Dr. Inadomi and his colleagues also say that by pushing colonoscopies, doctors may be missing out on a chance to get people screened — especially if patients belong to an ethnic or racial minority.
The findings show that when given the choice:
• White people overwhelmingly chose colonoscopy
• African-American, Latino, and Asian participants preferred the fecal blood test.
“So there’s a clear racial split,” Dr. Inadomi, chief of gastroenterology at the University of Washington and lead author of the study tells Shots, the health blog of the National Public Radio. He also notes that until now, most research on colon cancer screening had been done in whites.
Originally, Inadomi’s team were told by psychologists that giving patients a choice would confuse or overwhelm them — and discourage them from making any decision or getting any test. But the findings turned out to be contrary.
In an email interview with Reuters Health, Dr. Inadomi says that, based on the study’s results, he now thinks doctors should give patients choices. “I would make sure that I took into account the patient’s preferences. I would flat out describe these tests… I think this goes against what a lot of us are doing right now. We should be finding out what patients prefer and really pursuing that,” he says.
In a commentary accompanying the study’s results, Dr. Theodore Levin, from Kaiser Permanente Medical Center says, “The study…demonstrates that not having enough choice may lead to inaction when the only choice is colonoscopy.”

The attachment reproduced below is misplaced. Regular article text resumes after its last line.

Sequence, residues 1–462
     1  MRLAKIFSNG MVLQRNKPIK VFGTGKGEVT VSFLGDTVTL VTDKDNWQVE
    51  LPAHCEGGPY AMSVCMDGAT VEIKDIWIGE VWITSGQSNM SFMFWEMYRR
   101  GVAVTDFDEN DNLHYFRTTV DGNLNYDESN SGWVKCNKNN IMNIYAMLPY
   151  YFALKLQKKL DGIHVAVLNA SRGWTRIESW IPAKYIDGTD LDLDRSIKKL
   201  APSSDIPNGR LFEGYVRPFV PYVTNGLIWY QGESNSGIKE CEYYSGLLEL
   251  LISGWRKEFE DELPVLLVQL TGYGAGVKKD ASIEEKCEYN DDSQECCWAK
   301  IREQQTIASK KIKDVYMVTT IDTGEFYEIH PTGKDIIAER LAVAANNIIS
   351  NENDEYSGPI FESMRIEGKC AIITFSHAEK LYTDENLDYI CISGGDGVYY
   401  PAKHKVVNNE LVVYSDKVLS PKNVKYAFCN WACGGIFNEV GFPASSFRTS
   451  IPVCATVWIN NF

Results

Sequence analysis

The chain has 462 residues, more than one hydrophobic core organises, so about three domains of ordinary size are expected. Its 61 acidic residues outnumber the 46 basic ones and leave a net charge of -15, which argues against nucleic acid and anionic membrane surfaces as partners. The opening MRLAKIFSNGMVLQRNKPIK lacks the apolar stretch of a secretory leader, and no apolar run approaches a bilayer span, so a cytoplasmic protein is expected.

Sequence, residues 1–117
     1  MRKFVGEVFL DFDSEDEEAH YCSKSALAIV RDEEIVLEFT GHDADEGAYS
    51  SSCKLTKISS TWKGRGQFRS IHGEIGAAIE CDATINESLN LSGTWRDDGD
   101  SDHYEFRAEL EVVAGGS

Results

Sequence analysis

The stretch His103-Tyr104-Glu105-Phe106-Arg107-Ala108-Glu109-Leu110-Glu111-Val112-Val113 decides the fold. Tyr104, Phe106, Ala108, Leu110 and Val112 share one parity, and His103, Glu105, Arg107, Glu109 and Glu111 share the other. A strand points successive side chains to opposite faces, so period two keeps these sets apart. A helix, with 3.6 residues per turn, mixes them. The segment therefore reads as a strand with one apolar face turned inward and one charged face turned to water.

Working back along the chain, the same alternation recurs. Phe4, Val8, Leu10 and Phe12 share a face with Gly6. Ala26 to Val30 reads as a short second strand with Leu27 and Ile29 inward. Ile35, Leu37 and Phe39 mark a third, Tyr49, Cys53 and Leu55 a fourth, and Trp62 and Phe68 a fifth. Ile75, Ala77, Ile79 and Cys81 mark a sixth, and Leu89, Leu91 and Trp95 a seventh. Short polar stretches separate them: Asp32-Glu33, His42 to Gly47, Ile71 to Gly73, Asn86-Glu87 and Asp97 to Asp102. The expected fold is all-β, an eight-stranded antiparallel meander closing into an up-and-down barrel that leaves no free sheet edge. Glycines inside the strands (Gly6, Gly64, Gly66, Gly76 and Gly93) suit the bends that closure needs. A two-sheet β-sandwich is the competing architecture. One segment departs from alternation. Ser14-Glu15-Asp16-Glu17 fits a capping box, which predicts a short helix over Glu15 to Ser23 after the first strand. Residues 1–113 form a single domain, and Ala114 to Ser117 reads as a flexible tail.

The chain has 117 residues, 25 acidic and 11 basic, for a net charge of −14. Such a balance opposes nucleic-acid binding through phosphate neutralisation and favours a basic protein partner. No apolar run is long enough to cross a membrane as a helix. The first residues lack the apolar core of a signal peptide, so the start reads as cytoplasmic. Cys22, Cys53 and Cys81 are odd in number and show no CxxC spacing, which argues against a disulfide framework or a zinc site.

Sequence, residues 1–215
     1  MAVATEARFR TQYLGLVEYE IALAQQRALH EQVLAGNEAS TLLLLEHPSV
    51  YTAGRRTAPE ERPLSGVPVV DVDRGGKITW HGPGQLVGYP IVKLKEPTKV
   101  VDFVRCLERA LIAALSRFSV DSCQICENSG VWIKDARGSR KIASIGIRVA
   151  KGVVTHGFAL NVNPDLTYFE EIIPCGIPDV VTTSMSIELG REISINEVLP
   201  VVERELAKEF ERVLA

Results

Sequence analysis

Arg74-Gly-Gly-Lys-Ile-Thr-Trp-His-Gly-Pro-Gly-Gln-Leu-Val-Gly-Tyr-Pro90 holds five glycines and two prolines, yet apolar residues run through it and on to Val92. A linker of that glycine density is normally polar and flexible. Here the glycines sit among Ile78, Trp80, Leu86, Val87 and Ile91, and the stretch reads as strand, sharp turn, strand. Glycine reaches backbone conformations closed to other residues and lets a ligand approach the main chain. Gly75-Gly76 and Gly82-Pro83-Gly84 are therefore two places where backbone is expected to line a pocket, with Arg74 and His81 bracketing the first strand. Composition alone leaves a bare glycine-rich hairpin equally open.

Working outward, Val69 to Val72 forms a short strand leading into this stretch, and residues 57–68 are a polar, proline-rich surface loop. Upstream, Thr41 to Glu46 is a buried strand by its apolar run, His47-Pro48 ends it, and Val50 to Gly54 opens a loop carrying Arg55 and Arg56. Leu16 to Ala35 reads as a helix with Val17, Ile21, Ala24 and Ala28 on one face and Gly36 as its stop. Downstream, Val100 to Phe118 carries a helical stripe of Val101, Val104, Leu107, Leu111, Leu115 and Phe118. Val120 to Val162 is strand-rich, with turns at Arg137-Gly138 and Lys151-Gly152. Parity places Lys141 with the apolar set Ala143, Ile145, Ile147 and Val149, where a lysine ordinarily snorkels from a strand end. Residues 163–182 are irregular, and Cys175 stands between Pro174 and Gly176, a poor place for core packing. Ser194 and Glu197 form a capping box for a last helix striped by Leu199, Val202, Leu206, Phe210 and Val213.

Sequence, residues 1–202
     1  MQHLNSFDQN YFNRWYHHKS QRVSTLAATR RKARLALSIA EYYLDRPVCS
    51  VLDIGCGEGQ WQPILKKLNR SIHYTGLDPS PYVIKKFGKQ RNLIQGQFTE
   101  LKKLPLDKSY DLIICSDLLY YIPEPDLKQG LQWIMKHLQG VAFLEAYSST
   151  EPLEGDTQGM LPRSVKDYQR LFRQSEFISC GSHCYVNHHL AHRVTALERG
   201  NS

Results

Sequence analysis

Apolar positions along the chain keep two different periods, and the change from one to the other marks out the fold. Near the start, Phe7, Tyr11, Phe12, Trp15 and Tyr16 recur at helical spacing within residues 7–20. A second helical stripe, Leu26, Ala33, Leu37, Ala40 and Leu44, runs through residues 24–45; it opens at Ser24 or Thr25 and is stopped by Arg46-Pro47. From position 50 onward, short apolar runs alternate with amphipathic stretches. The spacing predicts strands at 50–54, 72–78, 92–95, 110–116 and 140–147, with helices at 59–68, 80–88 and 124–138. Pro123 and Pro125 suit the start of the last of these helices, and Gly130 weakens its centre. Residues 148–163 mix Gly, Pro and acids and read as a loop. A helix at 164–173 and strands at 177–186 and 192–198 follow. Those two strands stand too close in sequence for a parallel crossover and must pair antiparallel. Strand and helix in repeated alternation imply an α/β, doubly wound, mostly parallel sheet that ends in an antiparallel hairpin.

Who should be screened?
Globally, the incidence of colorectal cancer varies over tenfold, with U.S., Canada, Europe, Australia and New Zealand having the highest rates and Africa and South-Central Asia having the lowest. Epidemiologists attribute these geographic differences to differences in dietary and environmental exposures more than genetic susceptibility.
According to the American Cancer Society, an American’s risk of developing the cancer over their lifetime is about one in 20.
The U.S. Preventive Services Task Force, a government-backed advisory group, advises all people 50 to 75 years old to be screened by one of three methods:
• a colonoscopy every 10 years
• stool testing annually
• flexible sigmoidoscopy — a less-thorough look into the colon every five years together with stool testing every two to three years
Health Canada advises people 50 to 74 with no family history of colorectal cancer to be screened every two years with a fecal occult blood test (FOBT).
But a number of factors can increase a person’s risk. These include:
• Being 40 years old or older.
• Having certain hereditary conditions, such as familial adenomatous polyposis (FAP) and hereditary nonpolyposis colon cancer (HNPCC or Lynch syndrome).
• Having a personal history of any of the following:
– Colorectal cancer.
– Polyps (small pieces of bulging tissue) in the colon or rectum.
– Cancer of the ovary, endometrium, or breast.